Milwaukee Launching New Community Plaza Program
Effort would allow underused streets to be turned into temporary parks.
The City of Milwaukee is launching a new public plaza program aimed at allowing community groups to turn underused streets into gathering spaces.
Crafted by the Department of Public Works, the new program extends the city’s pandemic-inspired Active Streets for Businesses effort to a broader audience. Instead of reserving space for extra patron seating, it would create new public spaces.
The program would allow groups, with the use of protective barriers, to convert excess turn lanes, and underused and stub-end streets into community spaces through extended temporary street closures.
The Common Council’s Public Works Committee unanimously endorsed the permitting framework Wednesday. The full council will consider the idea in two weeks.
“We know we have a lot of interest in Alderman Jonathan Brostoff‘s district,” said DPW senior transportation planner Kate Riordan of Riverwest and the East Side. A portion of E. Ivanhoe Pl. is being converted to a plaza through the Active Streets for Business program and other proposals are being studied, like making Brady Street a pedestrian street.
“This is quietly a huge step forward for Milwaukee and is going to have significant and critical implications for the community as a whole,” said Brostoff.
Riordan said DPW expects most of the applicants to be business improvement districts, a self-taxing entity that is focused on improving a specific commercial corridor. “They do take responsibility for that space, so that’s why we expect it to be a more resourced organization,” she said. That responsibility includes securing insurance for the space.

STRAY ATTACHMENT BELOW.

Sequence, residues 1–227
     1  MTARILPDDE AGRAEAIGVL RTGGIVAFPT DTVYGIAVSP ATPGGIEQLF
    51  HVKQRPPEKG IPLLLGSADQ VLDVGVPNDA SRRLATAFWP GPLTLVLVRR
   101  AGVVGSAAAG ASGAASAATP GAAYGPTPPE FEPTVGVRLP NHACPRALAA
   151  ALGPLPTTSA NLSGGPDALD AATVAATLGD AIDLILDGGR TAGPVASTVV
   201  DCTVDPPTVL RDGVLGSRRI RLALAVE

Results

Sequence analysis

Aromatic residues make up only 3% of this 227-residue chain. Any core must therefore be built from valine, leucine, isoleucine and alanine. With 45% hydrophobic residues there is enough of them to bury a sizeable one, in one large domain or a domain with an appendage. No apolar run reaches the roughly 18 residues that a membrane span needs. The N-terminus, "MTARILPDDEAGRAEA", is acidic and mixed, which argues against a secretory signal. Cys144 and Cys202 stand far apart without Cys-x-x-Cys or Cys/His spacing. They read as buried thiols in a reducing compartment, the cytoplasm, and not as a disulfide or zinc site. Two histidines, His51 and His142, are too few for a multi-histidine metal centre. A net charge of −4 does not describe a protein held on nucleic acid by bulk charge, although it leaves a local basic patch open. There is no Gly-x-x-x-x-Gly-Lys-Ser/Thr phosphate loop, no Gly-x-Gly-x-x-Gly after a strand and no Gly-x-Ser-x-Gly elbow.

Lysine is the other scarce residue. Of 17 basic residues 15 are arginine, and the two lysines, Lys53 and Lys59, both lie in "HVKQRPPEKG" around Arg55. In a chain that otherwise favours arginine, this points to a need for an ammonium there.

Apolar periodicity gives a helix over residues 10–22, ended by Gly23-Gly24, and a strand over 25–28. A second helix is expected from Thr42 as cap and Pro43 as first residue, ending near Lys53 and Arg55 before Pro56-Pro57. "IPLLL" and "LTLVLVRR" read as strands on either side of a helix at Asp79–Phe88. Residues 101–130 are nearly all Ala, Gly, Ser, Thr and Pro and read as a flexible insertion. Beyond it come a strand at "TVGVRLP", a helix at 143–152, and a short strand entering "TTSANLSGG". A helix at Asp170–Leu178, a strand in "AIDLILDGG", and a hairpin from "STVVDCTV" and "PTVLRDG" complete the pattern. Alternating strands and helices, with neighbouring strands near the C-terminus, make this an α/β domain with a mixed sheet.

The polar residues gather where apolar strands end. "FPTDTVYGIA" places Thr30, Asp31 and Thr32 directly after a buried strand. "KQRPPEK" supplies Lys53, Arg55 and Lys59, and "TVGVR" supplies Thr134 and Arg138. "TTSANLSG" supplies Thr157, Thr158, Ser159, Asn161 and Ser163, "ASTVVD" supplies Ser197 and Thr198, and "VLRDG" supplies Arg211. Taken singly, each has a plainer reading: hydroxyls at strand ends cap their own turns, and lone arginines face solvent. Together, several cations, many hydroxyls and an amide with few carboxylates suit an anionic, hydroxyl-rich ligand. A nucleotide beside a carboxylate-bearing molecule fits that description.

Maintaining a closure through the winter is an option, but the organization would need to commit to a snow removal strategy.
Wisconsin Bike Fed pedestrian program manager Marybeth McGinnis endorsed DPW’s plan. She cited the success of the creation of a pop-up park by closing a southbound turn lane on S. 16th St. onto W. Forest Home Ave. and merging it with an adjacent vacant lot. Muskego Way Forward is the lead organization on the pop-up park and the Bike Fed served as a partner.
Interested organizations should reach out to DPW (email@example.com) to inquire about suitable streets. “Obviously there are places where this doesn’t make sense,” said Riordan.
Brostoff praised Mayor Cavalier Johnson‘s commitment to safe streets and combating reckless driving as a guiding force for the change. “This wouldn’t be happening if not for the direction he gave to the administration,” said the newly-elected alderman. “I was all ready to push really hard on all sorts of stuff, but it’s like pushing against a marshmallow. Everyone is going the same direction.”
The program would initially launch without any fees for its annual permits. DPW could revoke a permit for noncompliance with the program guidelines. Applicants are responsible for the costs of complying with the guidelines, including insurance and procuring the barriers.
The program, formally the Interim Plaza Program, was proposed as a result of the Gathering Places Feasibility Study and is part of a five-year (2022-2027) outdoor recreation plan the city is following to guide rehabilitation and enhancement of its outdoor places, including parks.